Does ENSO Regularity Increase in a Warming Climate?
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Does ENSO Regularity Increase in a Warming Climate?

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  • Journal Title:
    Journal of Climate
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    The impact of a warming climate on El Niño–Southern Oscillation (ENSO) is investigated in large-ensemble simulations of the Community Earth System Model (CESM1). These simulations are forced by historical emissions for the past and the RCP8.5-scenario emissions for future projections. The simulated variance of the Niño-3.4 ENSO index increases from 1.4°C2 in 1921–80 to 1.9°C2 in 1981–2040 and 2.2°C2 in 2041–2100. The autocorrelation time scale of the index also increases, consistent with a narrowing of its spectral peak in the 3–7-yr ENSO band, raising the possibility of greater seasonal to interannual predictability in the future. Low-order linear inverse models (LIMs) fitted separately to the three 60-yr periods capture the CESM1 increase in ENSO variance and regularity. Remarkably, most of the increase can be attributed to the increase in the 23-month damping time scale of a single damped oscillatory ENSO eigenmode of these LIMs by 5 months in 1981–2040 and 6 months in 2041–2100. These apparently robust projected increases may, however, be compromised by CESM1 biases in ENSO amplitude and damping time scale. An LIM fitted to the 1921–80 observations has an ENSO eigenmode with a much shorter 8-month damping time scale, similar to that of several other eigenmodes. When the mode’s damping time scale is increased by 5 and 6 months in this observational LIM, a much smaller increase of ENSO variance is obtained than in the CESM1 projections. This may be because ENSO is not as dominated by a single ENSO eigenmode in reality as it is in the CESM1.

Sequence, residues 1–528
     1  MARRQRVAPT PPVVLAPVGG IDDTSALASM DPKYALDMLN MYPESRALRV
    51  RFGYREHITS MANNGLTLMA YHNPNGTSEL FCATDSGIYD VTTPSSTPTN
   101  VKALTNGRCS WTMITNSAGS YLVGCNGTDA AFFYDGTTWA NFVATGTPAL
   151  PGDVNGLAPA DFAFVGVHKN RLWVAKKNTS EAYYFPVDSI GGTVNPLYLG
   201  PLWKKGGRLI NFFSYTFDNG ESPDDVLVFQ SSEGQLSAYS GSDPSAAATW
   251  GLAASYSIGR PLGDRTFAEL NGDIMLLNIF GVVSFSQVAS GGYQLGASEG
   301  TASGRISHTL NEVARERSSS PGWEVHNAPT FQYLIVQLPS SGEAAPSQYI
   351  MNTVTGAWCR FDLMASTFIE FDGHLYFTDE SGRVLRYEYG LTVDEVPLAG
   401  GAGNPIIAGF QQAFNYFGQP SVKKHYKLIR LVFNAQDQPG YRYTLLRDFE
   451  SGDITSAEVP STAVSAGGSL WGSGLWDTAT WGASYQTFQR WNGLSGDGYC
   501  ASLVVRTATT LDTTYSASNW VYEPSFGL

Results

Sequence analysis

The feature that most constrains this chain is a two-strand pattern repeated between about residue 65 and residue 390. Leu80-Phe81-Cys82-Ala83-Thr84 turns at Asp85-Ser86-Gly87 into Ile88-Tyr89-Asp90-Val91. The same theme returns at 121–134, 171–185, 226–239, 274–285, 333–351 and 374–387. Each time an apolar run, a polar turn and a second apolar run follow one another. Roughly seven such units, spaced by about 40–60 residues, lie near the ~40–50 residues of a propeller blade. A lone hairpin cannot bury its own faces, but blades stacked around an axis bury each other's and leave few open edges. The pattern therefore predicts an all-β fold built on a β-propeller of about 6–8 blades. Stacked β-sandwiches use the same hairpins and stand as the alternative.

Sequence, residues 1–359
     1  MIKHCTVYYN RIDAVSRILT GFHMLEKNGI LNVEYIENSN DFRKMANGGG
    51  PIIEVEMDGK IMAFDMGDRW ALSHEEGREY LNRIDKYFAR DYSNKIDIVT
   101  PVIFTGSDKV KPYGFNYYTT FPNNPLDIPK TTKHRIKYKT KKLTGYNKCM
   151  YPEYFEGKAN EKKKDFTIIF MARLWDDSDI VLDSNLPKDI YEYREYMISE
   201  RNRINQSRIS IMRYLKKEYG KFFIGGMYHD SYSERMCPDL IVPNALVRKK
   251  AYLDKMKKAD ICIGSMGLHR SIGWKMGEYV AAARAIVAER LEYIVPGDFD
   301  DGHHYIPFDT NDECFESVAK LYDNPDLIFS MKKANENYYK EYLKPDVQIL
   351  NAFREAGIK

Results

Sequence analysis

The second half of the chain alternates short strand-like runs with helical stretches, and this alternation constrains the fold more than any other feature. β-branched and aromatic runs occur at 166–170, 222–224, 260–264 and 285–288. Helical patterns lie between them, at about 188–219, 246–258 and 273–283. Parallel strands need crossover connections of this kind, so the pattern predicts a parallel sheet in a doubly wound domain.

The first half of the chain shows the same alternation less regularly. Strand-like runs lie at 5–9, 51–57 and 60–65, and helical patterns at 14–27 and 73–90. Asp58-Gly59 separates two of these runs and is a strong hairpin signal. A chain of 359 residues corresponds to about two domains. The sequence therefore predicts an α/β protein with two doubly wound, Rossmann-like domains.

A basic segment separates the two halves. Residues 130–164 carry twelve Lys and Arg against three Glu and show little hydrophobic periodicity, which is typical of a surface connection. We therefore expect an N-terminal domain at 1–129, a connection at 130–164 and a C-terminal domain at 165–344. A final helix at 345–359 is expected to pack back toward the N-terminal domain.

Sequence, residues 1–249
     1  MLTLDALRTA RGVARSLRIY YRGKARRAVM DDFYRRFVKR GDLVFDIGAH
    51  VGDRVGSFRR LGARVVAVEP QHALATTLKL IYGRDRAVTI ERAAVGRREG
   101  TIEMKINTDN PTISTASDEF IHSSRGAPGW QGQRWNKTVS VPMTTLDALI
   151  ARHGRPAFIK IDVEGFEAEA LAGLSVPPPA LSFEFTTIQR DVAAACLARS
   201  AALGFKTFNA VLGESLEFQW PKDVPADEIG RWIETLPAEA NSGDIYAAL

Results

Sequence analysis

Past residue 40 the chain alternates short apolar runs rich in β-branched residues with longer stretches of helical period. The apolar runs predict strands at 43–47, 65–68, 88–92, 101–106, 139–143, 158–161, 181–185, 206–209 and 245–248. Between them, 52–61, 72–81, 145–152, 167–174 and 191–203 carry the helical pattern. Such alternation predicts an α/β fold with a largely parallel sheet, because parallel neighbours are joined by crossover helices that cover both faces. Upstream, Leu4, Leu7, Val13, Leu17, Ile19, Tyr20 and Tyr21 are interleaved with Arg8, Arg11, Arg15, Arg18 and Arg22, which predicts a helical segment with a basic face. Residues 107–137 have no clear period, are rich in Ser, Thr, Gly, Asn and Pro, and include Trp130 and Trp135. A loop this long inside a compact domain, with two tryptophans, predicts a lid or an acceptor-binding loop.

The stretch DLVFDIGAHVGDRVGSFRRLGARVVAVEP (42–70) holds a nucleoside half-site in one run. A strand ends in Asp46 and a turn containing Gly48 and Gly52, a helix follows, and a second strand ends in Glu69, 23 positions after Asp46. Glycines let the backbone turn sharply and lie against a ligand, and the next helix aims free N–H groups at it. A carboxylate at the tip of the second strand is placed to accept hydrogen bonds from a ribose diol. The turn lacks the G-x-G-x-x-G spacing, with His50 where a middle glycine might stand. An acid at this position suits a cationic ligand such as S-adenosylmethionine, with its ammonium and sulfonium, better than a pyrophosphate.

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    Journal of Climate, 33(4), 1247-1259
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    CC BY
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